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All of Us Are One

Despite its imminent closing, temporary homeless shelter called a success (WSJ)

By Sandy Cullen
Wisconsin State Journal

In the nearly four months it’s been open, the temporary homeless day shelter on East Washington Avenue has served as a de facto community center where more than 100 people a day have found warmth and companionship, something to eat and help in finding a job or a place to live.

When the shelter closes March 31, it will be a step backward for those who will have to find someplace else to spend their days, lug their belongings with them as they try to find work, and wait for a permanent Dane County day shelter expected to open in November, said Sarah Gillmore, who runs the current facility.

But Gillmore called the shelter an experiment that succeeded, particularly in giving the people who use it a voice in how it is run — something that hasn’t happened before.

More than 60 homeless people have volunteered at the center in roles such as cooking, cleaning, patrolling the area around the center and picking up trash.

County Human Service Director Lynn Green agrees the shelter has been a “phenomenal success” that has helped many homeless people find places to live, access mental health or substance abuse treatment and get IDs so they can apply for jobs and housing.

Green credits the success to the way Gillmore and Z! Haukeness, assistant director, have been able to work with the people who have come to the shelter, and the county “will look favorably” on plans to use a similar model when it asks for proposals to operate the permanent shelter at a site yet to be determined.

But, Green said, the county made a commitment to the neighboring Rainbow Project — which serves abused children and their families next door to the day shelter at 827 E. Washington Ave. and opposed its location — that it would only be open through March.

“It’s very sad,” Gillmore said of the center’s closing.

Many homeless people have mental health and substance abuse problems, and it takes time to build relationships and trust, and to find out how you can help them take the next steps toward improving their circumstances, she said.

As days wind down, more people are trying to take advantage of the available assistance before the opportunity is lost.

Two other deadlines

The center’s closing will be the last in a series of events affecting people who are homeless that some have dubbed “March madness.”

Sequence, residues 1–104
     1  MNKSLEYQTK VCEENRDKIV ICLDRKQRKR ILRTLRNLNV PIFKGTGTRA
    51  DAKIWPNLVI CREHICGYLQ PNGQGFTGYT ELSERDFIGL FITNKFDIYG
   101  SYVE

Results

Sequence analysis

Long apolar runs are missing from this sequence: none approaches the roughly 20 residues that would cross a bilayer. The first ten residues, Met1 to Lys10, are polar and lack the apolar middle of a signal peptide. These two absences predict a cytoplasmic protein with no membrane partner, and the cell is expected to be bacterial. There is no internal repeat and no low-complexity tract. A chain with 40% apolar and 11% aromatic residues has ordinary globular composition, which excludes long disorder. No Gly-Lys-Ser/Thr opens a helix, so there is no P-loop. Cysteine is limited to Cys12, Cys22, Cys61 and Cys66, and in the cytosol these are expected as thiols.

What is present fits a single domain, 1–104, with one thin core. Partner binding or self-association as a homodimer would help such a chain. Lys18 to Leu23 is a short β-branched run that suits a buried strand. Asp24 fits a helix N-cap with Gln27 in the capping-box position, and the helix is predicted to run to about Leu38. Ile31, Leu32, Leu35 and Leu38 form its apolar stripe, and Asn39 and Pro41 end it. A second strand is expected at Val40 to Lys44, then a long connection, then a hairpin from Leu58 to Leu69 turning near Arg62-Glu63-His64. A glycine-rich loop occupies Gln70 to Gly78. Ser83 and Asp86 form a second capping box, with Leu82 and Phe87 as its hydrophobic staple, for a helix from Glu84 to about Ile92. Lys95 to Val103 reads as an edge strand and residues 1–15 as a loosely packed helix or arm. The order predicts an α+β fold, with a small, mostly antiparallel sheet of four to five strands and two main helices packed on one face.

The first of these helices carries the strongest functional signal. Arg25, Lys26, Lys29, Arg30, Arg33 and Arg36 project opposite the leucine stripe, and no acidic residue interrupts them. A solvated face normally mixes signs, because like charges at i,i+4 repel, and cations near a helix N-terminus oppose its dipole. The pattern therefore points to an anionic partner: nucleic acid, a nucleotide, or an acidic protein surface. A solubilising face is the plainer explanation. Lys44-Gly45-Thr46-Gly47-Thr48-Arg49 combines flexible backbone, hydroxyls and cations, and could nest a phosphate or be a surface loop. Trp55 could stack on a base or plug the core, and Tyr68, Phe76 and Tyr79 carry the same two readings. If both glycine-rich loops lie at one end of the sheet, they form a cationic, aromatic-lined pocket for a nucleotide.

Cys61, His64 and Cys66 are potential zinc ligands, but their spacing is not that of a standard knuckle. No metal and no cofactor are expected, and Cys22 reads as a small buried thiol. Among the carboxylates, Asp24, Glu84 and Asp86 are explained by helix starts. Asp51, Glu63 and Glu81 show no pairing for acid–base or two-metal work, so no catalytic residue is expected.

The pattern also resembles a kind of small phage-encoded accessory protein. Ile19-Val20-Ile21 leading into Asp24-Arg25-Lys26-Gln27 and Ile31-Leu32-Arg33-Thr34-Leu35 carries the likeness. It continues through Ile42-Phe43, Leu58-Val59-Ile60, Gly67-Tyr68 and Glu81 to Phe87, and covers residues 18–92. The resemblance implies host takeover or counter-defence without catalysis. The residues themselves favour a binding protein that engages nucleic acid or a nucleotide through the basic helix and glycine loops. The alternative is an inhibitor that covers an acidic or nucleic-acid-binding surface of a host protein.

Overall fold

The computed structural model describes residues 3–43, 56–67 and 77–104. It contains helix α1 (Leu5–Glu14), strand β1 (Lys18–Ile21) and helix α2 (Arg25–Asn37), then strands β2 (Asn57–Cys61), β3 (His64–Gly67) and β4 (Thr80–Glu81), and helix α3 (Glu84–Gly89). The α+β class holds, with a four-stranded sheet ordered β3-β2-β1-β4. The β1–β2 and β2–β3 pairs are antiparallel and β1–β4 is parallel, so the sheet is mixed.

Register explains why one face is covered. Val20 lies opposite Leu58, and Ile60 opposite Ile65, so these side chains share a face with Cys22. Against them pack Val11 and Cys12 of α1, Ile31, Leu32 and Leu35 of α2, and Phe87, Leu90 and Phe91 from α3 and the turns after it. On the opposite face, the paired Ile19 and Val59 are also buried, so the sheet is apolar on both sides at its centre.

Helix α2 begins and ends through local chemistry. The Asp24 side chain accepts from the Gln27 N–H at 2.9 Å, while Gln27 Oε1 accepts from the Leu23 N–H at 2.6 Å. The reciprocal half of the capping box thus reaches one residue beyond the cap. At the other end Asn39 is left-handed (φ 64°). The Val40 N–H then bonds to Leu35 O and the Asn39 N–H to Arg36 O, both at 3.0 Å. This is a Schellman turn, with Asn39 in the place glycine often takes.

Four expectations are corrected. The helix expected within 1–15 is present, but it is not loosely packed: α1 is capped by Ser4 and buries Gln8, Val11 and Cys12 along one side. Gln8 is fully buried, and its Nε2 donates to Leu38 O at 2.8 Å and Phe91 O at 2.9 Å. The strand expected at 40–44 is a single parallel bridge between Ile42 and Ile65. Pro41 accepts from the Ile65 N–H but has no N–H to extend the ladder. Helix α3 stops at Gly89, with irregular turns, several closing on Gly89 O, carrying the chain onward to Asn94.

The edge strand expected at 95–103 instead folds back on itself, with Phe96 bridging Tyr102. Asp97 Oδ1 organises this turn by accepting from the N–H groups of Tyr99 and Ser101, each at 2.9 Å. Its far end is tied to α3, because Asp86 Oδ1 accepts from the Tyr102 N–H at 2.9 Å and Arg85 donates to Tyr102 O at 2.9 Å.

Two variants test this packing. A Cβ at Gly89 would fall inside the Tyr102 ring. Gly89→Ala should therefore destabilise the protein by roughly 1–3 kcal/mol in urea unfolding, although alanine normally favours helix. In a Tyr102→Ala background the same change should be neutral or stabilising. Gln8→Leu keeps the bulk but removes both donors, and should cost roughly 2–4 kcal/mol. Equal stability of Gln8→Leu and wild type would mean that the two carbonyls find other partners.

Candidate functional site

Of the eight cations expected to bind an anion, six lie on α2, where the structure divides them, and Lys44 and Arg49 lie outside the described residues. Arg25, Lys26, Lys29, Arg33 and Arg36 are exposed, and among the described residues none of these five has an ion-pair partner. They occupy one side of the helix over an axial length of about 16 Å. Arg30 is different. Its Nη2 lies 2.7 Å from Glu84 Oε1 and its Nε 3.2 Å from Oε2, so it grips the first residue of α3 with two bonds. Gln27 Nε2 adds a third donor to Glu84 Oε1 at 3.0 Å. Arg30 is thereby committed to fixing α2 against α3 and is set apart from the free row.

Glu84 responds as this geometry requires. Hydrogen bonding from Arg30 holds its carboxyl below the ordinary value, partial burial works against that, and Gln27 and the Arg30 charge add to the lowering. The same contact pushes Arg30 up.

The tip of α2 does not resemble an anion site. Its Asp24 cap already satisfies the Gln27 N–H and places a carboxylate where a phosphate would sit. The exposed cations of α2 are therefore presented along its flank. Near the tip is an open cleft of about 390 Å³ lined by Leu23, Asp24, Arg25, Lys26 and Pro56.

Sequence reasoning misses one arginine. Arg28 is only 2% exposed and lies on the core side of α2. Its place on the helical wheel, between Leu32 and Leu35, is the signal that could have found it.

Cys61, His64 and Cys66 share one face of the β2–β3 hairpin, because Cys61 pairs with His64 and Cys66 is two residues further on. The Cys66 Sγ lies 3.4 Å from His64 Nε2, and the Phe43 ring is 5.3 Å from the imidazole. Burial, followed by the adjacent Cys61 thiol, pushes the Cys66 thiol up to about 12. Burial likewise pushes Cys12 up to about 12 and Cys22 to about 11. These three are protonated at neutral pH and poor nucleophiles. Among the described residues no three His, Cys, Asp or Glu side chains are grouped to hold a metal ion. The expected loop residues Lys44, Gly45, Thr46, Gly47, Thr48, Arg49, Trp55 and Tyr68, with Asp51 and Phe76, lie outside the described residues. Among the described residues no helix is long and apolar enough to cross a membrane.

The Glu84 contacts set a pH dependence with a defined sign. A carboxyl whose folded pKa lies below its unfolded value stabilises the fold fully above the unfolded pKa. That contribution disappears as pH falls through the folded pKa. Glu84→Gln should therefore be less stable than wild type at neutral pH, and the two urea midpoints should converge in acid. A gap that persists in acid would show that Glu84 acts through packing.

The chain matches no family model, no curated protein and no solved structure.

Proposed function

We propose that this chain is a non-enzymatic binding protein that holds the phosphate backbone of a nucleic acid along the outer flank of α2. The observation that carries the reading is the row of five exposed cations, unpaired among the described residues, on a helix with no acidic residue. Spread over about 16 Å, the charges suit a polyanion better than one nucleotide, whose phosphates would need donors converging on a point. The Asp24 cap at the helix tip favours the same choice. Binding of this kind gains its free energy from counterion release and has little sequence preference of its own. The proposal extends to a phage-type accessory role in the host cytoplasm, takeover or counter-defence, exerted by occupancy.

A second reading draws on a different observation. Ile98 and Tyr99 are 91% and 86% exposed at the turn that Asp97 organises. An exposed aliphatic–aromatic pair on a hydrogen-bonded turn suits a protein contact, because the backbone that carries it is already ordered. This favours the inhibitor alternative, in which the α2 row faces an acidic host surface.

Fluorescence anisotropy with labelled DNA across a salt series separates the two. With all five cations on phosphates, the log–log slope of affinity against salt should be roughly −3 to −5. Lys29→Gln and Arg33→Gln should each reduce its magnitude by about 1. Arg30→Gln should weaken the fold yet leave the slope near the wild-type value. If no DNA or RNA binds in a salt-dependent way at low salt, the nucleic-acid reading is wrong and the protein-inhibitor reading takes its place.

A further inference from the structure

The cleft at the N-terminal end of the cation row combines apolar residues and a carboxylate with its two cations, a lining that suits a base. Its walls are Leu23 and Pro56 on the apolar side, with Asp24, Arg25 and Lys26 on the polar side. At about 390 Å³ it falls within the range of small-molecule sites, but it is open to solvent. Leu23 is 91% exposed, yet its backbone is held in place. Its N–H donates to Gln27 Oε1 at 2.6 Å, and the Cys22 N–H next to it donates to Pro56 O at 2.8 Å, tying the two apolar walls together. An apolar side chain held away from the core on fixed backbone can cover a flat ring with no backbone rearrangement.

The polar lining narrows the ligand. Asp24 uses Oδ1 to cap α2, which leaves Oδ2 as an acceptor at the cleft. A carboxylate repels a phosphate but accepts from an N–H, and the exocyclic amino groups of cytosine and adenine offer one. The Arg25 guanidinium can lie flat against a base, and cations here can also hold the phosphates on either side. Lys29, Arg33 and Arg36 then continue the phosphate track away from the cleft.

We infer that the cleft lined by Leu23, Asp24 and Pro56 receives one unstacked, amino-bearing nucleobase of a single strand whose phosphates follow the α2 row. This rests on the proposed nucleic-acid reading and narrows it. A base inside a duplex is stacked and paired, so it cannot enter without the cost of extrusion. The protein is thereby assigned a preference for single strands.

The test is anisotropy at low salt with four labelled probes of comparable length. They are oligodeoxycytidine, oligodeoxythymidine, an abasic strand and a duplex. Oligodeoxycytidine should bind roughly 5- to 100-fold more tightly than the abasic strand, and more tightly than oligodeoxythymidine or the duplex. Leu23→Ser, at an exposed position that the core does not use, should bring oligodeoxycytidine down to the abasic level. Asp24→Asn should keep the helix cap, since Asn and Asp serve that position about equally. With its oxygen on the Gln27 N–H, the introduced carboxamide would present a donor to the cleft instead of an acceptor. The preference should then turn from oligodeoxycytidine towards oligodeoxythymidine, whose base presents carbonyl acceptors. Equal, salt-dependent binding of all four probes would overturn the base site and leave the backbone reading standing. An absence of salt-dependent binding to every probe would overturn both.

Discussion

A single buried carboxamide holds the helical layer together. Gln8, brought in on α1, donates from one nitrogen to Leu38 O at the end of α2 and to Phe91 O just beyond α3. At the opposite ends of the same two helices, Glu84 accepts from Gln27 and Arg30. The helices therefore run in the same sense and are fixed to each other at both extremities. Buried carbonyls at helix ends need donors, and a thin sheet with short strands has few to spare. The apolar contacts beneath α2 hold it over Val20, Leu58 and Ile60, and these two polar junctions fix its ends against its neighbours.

Sunday is the deadline for members of the group Occupy Madison to leave Token Creek Park in the town of Burke, where they have been camping under a special county permit since November, when county authorities packed up and moved their belongings from an illegal camp they set up at Lake View Hill Park on Madison’s North Side. Before that they were forced to leave a vacant lot in the 800 block of East Washington Avenue.

Brenda Konkel, who has been working with the group to establish a permanent housing location, said 15 to 20 campers plan to move on Saturday to a lot on Portage Road near the Dane County Regional Airport owned by attorney Koua Vang until county campgrounds reopen on April 16.

Matt Tucker, city zoning code administrator, said Vang and individual campers could be subject to daily fines or prosecution from the City Attorney’s Office because camping is not permitted on the property. A municipal citation would carry fines of $177 for the first day, $303 for the second day and $366 for subsequent days. Prosecution in municipal court could bring fines of $1 to $1,000 a day, Tucker said.

Also this month, more than 150 men have exceeded their 60-day limit for overnight shelter provided by Porchlight Inc. and won’t be allowed to return until Nov. 1 unless temperatures dip below 20 degrees or other weather conditions are extreme.

Green said the limits set by the county for an overnight shelter for men and women (also 60 days) and temporary family housing (90 days, with a 180-day lifetime limit) — designed to strike a balance between meeting immediate needs and encouraging people to find permanent housing — will likely be the subject of further discussion.

‘This is going to be hard’

Meanwhile, those like Al Muhaymin and his wife, Jennifer Kohl, who have been homeless for about two years and came to Madison in December, are bracing for days and nights back on the street. Kohl will reach her limit for overnight shelter provided by the Salvation Army on Sunday.

“Me and her are going to be camping out every day,” Muhaymin said.

Muhaymin, who volunteers to get men’s overnight shelters ready each night, has been spending his days volunteering in the day shelter’s computer lab, where he helps others with resumes and applications for state FoodShare assistance, while looking for work himself. But as a felon with a history of violent crimes, he admits his job outlook is “quite bleak,” relegating him to day labor that’s “not going to put a roof over my head.”

“I can get a lot done here,” he said of the day shelter. “When this is closed up on the 31st, this is going to be hard, literally.”

And while he spends his days out looking for work, Muhaymin said, “My wife is going to be out there on the street. It makes me want to give up.”



About Operation Welcome Home

OWH is a group of homeless people in Madison, WI and their allies organizing around the root causes of homelessness- racism, poverty, and criminalization. We are fighting for housing, jobs, and an end to the criminalization of poverty.


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(608) 371-WARM
Note: You must dial '608' first.


8 a.m. to 4:30 p.m.
(7 days a week, until March 31st)


827 East Washington Ave.
Madison, WI 53703
(former Lussier Teen Center)


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